5 Steps on How to Choose the Best TV Antenna

Now that everything is available online to stream, more and more people are dropping cable television services. Instead, you can gain access to live television for free with a TV antenna.

Little do most people know, but TV stations around the world still broadcast their signals the old-fashioned way. All you need to connect to their broadcasts is a functioning TV and an antenna connected to it.

Here are five steps on how to choose the best TV antenna for your viewing pleasure. 

1. Figure Out Your Favorite TV Stations

Antennas aren’t as expansive as cable or satellite television. You won’t be able to get every station out there, and depending on the size you buy, you’ll only get some of your local TV.

There are multiple online tools that can help you learn where the nearest TV stations are. You can find out their distances, what frequency they operate on, and what shows are available. 

If a station is further away, you’ll likely need a much larger antenna in order to receive their signal. Closer stations don’t need much to connect with. You also have to consider if there are any obstructions in your area. Trees, hills, and large buildings can interfere with your digital TV reception. 

2. Inside or Outside

The placement also matters when investing in a TV antenna. Whether you put it inside your home or outside can determine how well it receives a signal as well as how big it can be. 

The best outdoor TV antenna should let you watch TV broadcasts from further away, and from different directions. If it’s possible, mounting an outdoor TV antenna is almost always the better option.

However, that’s not always an option. You may live in a city or apartment that doesn’t allow outdoor antennas. In that case, an indoor TV antenna will usually be sufficient if you live near the TV broadcast towers. 

Indoor antennas can be small and discreetly placed in your home. They’re no longer those “rabbit ear” antennas your parents or grandparents used to have. 

One of the downfalls of using an indoor TV antenna is that it’s not the best at picking up signals. They’re not as big as outdoor ones, and the inside of your home can be full of interference.

Household appliances can affect your signal, as do common building materials. You can relocate the antenna by a window facing the nearest broadcast towers.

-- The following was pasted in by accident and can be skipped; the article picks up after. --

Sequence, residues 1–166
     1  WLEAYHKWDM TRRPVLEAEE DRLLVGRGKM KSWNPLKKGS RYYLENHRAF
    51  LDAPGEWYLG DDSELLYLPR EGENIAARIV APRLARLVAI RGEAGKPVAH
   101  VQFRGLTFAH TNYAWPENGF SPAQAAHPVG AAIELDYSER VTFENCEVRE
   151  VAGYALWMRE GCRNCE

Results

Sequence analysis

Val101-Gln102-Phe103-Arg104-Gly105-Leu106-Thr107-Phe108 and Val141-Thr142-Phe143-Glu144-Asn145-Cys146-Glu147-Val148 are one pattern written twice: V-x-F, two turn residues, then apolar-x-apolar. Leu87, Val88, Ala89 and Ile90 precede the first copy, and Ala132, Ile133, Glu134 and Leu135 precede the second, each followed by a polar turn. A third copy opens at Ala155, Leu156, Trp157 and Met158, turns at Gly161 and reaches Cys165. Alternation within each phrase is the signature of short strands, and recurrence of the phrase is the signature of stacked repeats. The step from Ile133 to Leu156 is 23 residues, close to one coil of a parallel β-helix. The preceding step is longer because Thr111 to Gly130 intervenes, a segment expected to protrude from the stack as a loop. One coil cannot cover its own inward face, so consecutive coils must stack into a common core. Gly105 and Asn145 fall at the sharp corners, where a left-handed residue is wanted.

You could also purchase a TV antenna amplifier to boost your reception. However, amplifiers can also amplify noise and distortion from closer stations. Use them sparingly or not at all if your signal is already great.

The best TV antenna should fit your needs, but also cover as many frequencies as it claims.

3. What Frequency You Need

A digital TV antenna is specifically made to capture both VHF and UHF frequencies. However, there are often antennas that claim to process both signals but instead only cover VHF well. 

VHF stands for Very High Frequency, and UHF stands for Ultra High Frequency. You’re probably wondering why that distinction matters.

VHF and UHF refer to the frequencies that television travels on. VHF channels are typically numbered 2 to 13, while UHF channels are 14 to 51. 

Often, you’ll find more popular networks broadcast on VHF. If your antenna only works with UHF, then you won’t be able to watch them. Once again, an outdoor antenna will pick up both signals much better than an indoor one. 

4. Directional or Multidirectional Antennas

There are two types of antennas past inside or outside ones. Multidirectional antennas pick up signals from any direction, while directional ones don’t. 

Multidirectional antennas are typically flat and can be easily mounted on a window. They can tune into any station within range, and you don’t have to worry about aiming them in any particular direction. As such, they’re the most common kind of TV antenna in the market. 

If you’re looking for an indoor antenna, you’re in luck. They’re almost always multidirectional, as well as most outdoor antennas. 

The only drawback to using one is that they aren’t as powerful as the alternative. They work at shorter ranges, so you won’t pick up broadcast signals that are further off.

Directional antennas, meanwhile, are shaped like fins, arrows, or tubes. You have to manually point them at the stations they’re tuned to. 

A good example of a directional antenna is the original rabbit ear antenna that you’d have to physically adjust to get a better signal.  As opposed to multidirectional antennas, a directional one has a much further range. Modern ones are typically mounted outside, aimed at whatever station you’re most interested in. 

5. Try Different Ones Out

Don’t be afraid to try out different options to find the best TV antenna for your home. 

Reception can depend on a number of different factors, such as terrain, placement, and the antenna itself. Not all antennas are as good as their manufacturers claim them to be.  Often, cheaper antennas work just as well as, if not better than, more expensive models. 

If a certain setup doesn’t work well for you, it might help to reconsider where you can place it. An indoor TV antenna in your attic or a second-story location can be better than in the middle of your living room. You also might find that an antenna that claims to work with both VHF and UHF only works well with one and not the other. 

Get the Best TV Antenna

Cutting the cord doesn’t have to mean giving up live television. Hopefully, with the help of this article, you now know how to choose the right TV antenna for your home. 

The best TV antenna isn’t necessarily going to be the biggest one or the most expensive. If you live close enough to a broadcast station, you can get away with a small one right in your living room. For more tips and advice, check out our other articles.

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